Mehran Karimi Nasseri was born in 1942 in Iran. His father was an Iranian doctor and his mother was a Scottish nurse working at the same hospital. In 1973, Nasseri went to Britain where he spent three years studying at the University of Bradford. Then he returned to Iran, where he got into trouble for protesting against the Shah. He was expelled from the country in 1977.
He went to Europe and bounced from one country to another, applying for refugee status for the next four years. In 1981, his request for political asylum from Iran was finally granted by the United Nations High Commission for Refugees in Belgium.
Then he decided he wanted to go to England to search for relatives of his mother. He was on his way there in 1988 when his briefcase containing all of his documentary papers and passports was stolen from a train station. Nasseri boarded a plane for London anyway. But when officials at Heathrow Airport found he had no passport, they sent him back to Charles de Gaulle Airport in France. At first, the French police arrested him for illegal entry and wanted to deport him. But because Nasseri had no documents, there was no country of origin to deport him to. French authorities refused to give Nasseri either a refugee visa or a transit visa.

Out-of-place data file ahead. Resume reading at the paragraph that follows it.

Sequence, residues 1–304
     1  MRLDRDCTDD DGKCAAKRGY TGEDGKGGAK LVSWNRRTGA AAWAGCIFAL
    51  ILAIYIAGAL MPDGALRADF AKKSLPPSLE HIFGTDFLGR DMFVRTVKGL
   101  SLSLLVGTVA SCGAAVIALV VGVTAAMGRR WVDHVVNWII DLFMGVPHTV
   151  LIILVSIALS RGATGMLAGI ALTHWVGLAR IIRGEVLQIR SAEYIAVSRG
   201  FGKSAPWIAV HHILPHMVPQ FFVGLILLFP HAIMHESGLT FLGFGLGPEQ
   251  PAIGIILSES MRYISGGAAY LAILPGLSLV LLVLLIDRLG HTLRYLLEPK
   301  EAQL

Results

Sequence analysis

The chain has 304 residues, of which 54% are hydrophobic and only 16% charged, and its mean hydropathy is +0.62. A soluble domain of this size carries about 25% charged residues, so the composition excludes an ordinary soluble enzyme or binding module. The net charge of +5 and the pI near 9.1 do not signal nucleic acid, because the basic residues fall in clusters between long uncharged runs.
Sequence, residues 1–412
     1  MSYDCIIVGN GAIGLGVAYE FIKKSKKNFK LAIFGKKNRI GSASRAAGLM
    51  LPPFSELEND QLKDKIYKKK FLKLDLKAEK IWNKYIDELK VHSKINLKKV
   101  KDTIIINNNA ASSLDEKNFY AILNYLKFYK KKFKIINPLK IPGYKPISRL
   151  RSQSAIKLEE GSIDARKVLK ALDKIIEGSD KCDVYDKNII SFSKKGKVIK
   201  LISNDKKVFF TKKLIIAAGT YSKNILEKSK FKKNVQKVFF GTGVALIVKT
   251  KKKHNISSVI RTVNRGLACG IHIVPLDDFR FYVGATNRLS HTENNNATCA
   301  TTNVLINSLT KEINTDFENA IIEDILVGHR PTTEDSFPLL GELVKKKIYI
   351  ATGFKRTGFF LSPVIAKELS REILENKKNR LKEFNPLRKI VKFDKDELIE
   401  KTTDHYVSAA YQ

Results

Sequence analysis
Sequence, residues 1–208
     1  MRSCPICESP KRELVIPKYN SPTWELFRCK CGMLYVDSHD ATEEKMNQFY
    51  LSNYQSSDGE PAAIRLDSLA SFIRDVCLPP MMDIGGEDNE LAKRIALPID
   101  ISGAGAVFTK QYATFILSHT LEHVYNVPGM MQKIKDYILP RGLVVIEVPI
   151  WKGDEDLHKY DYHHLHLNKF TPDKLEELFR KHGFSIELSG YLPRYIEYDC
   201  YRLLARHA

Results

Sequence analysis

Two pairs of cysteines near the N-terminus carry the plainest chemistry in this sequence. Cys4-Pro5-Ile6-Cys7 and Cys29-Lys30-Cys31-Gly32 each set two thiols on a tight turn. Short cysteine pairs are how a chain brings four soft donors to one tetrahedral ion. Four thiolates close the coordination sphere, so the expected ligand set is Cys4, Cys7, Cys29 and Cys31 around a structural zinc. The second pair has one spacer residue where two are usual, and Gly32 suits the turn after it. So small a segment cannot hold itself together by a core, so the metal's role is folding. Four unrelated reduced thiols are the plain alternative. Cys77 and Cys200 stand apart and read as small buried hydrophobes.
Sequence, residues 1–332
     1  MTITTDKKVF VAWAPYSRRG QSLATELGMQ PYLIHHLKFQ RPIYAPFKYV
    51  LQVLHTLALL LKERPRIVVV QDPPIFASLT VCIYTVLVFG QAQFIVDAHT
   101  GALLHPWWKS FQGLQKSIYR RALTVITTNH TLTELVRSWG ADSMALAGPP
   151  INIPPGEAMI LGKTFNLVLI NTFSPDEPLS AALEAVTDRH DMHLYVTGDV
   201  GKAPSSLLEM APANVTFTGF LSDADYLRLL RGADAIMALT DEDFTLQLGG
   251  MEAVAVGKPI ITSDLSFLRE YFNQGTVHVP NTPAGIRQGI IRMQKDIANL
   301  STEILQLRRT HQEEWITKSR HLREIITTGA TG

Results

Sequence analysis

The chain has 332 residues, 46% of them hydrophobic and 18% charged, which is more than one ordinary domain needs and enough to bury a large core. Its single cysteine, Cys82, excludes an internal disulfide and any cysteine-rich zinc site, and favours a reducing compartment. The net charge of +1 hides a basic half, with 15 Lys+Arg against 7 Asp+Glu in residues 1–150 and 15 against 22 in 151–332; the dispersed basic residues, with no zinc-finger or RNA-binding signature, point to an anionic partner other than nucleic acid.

In 1988, he began his 18-year sojourn in Charles De Gaulle Airport.
He took up residence in Terminal 1, where he made a nook for himself. Airport employees, pilots, and stewardesses took pity on him and brought him meal vouchers and reading material. He received regular visits from a local doctor and a priest. He spent his time reading, writing in a diary, and sleeping on a bench surrounded by his luggage and all of his possessions.
Human rights lawyer Christian Bourget began a ten-year battle to rescue Nasseri. He focused on Belgium, where he hoped to reclaim Nasseri’s original refugee documents. But Belgian officials refused to mail them to France. They argued that Nasseri had to present himself in person. However, the Belgian government refused to allow Nasseri to return to Belgium.
In 1995, the Belgian government finally told Nasseri that he could retrieve his refugee documents if he agreed to live in Belgium. Nasseri refused. He was only interested in living in Britain.
In 1999, Nasseri was presented with an international travel card and a French residency permit. With them, he was free to leave the airport, either to take up residency in France or to fly to any other country that would allow him entry. He refused to sign the papers because they listed his nationality as Iranian when he wanted to be listed as English. His stubbornness meant remaining at the airport. By now his apoplectic lawyer suspected that Nasseri had mental issues and was afraid to leave the airport. When contacted about Nasseri’s situation, his family stated that they believed he was living the life he wanted.
His autobiography was published as the book “The Terminal Man” in 2004.
In 2006, Nasseri’s 18-year stay at the airport ended when he was hospitalized. In 2007 he left the hospital and was looked after by the French Red Cross, lodged in a hotel close to the airport. In March of 2007, he transferred to a homeless shelter in Paris where he has apparently been living ever since.
Steven Spielberg’s DreamWorks production company paid Nasseri $250,000 for the rights to his story, which they used as inspiration for the movie “The Terminal” starring Tom Hanks.